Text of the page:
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This model is similar in that the depth of material is highly variable producing a non-uniform load on the system (not a catenary). In order to simulate this, the model calculates a vertical intersection between particle and the base-geometry. Figure 4 demonstrates the distance between the particle and this intersection becomes the new vertical thrust vector for that particle. This calculation is continually calculated as the model finds equilibrium. When analyzing masonry arches, it is common practice to use static block analysis to break down an arch into a few polygons. The area of each polygon determines the vertical thrust vector (Block et al, 2006; Block and Ochsendorf , 2007). This paper relies on the high resolution of the particlespring system; informing each particle with its vertical distance, not a polygonal area.

Figure 4. Diagram of the Vertical Distance calculation. The vertical distance between a particle and the base geometry equals the vertical thrust on that particle. d=F

5.4. EXPANSION/ CONTRACTION

In order to determine a solution where the thrust-vector falls above the basegeometry, the length of each spring needs to expand evenly throughout the system. It is possible to over expand the lengths, producing a viable solution with an extremely large mass, so a balance needs to be reached in order to find an efficient solution. The designer prescribes a minimal cross section dimension that can be informed by the compression capacity of the material. The system continually searches for the shortest vertical dimension. If that

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dimension is shorter or longer than the required minimum, the entire system expands or contracts. (Figure 2) 5.5. UNIT DISCRETIZATION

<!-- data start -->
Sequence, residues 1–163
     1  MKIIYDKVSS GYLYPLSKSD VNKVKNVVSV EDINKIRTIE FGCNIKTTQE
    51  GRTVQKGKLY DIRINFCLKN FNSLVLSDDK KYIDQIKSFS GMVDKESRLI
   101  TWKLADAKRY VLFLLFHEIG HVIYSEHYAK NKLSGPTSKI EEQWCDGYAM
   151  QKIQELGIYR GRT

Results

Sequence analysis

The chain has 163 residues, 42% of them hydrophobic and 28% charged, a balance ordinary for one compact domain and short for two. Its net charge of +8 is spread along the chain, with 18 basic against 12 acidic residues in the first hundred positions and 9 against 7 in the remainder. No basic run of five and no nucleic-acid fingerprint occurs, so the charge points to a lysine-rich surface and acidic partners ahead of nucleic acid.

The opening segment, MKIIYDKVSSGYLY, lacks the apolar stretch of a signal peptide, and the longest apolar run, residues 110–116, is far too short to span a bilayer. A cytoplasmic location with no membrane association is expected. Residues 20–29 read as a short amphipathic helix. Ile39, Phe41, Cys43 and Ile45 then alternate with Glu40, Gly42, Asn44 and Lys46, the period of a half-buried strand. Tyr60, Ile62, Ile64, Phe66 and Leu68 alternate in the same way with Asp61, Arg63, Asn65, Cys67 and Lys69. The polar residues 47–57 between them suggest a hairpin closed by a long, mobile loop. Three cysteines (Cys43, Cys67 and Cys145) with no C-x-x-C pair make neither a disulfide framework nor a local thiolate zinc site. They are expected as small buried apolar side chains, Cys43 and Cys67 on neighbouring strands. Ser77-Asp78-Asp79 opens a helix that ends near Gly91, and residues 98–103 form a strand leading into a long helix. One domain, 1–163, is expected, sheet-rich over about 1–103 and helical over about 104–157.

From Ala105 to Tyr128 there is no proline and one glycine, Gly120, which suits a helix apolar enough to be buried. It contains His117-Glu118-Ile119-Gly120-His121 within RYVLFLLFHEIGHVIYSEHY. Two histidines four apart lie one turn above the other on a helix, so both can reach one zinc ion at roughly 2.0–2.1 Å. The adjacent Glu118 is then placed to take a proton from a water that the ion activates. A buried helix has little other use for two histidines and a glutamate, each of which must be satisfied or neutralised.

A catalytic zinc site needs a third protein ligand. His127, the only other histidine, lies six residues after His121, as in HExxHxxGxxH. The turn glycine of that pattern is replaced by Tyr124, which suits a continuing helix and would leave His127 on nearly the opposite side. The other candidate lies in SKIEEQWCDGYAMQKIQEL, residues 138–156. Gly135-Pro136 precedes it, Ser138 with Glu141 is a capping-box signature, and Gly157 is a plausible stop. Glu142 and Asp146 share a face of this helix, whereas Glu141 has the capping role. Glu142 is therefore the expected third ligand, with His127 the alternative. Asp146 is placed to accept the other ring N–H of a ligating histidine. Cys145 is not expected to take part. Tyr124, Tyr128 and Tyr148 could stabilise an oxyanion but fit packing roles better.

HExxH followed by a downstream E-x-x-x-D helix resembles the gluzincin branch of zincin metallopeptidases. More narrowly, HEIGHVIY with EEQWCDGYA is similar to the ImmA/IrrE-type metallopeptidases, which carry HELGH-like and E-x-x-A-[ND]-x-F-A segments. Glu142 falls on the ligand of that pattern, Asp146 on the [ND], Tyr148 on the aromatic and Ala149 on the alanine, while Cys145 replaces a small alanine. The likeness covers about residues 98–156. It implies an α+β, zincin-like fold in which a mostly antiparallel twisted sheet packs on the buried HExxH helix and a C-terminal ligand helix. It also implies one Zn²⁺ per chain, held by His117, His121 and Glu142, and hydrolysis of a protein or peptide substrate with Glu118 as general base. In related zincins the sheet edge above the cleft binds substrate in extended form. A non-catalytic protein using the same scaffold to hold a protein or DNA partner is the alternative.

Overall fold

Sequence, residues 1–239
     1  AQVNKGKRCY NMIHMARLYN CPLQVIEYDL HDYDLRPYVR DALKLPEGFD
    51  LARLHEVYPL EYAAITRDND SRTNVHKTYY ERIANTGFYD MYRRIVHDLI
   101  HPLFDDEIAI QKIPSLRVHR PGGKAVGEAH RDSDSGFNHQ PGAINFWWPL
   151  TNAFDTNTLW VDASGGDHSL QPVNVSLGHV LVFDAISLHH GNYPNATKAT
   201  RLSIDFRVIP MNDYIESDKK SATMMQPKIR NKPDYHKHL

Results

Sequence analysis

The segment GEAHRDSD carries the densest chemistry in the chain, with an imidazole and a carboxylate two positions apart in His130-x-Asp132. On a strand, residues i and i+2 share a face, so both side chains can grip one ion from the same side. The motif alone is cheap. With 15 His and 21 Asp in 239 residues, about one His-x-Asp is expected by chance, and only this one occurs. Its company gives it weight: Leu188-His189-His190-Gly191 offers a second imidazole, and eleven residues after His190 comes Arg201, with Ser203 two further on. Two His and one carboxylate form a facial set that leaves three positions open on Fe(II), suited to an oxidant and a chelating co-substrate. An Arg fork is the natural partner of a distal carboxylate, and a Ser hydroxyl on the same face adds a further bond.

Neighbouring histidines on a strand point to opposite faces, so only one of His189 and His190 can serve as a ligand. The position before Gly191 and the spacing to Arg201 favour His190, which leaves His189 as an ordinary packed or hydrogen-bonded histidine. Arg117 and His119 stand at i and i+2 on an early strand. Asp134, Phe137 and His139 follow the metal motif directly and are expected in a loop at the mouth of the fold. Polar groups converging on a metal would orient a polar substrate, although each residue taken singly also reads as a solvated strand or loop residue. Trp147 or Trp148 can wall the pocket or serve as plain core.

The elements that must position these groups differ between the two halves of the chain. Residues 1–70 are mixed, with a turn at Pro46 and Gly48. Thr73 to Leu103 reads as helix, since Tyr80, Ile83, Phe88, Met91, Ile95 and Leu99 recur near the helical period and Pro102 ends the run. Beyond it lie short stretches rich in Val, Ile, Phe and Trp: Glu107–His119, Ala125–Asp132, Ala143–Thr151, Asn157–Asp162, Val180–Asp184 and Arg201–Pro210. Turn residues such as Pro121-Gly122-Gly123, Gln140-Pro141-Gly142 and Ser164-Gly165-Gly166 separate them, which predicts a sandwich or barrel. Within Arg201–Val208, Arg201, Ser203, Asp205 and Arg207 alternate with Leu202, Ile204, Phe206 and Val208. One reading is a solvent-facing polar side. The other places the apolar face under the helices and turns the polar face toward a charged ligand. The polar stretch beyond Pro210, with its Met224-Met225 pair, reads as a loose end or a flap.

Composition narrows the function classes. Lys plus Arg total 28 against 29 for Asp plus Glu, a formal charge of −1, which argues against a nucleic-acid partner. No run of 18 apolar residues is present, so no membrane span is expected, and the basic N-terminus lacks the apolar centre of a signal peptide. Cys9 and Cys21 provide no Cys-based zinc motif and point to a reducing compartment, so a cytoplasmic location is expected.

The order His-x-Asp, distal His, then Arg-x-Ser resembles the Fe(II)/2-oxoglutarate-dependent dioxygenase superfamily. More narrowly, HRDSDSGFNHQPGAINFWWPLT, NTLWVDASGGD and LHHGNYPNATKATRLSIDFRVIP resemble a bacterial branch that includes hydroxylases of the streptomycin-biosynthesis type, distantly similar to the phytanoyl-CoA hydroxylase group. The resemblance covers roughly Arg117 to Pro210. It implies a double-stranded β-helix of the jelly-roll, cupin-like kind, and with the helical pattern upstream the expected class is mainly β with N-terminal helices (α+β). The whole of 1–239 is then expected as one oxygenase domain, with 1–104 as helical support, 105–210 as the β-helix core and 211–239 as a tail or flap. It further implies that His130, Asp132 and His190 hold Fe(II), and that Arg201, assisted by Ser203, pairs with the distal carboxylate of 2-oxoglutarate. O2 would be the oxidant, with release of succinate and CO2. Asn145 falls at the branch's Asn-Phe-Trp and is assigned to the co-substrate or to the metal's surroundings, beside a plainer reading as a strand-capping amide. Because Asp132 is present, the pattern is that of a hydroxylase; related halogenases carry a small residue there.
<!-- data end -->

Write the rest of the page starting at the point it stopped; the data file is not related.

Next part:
Once a desired solution is obtained, it is necessary to break the system down into constructible blocks. In order to resolve the equilibrium of shear forces (and not have to rely on friction) the break lines are created perpendicular to the thrust-vector. These break lines have been evenly spaced, but the number of breaks, and the regularity of these breaks do not alter the solution. When working with 3D systems, a thrust-network surface is created in order to generate break geometries normal to this surface. (Figure 2) As long as these breaks are perpendicular (or normal) to the thrust vector, the system can assure a zero shear solution, meaning blocks can be placed without relying on glue or tension in the system. 6. Prototyping As this is a scale-less calculation, it has been possible to rapidly prototype each of the various configurations of the system at a small scale. These prototypes can be constructed from a variety of materials as long as they have a consistent density. The material must also be able to accept compression loads without deflection. Prototypes have been constructed from aggregated sheet materials (Figures 4,5) and solid rapid prototyping for the three-dimensional calculations.

Figure 5. Prototype of an Aggregated Arch Vault generated from a series of parallel particlespring arches over a continuous surface.

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Figure 6. Prototype of an Aggregated Arch Vault generated from a series of perpendicular particle-spring arches over a continuous surface.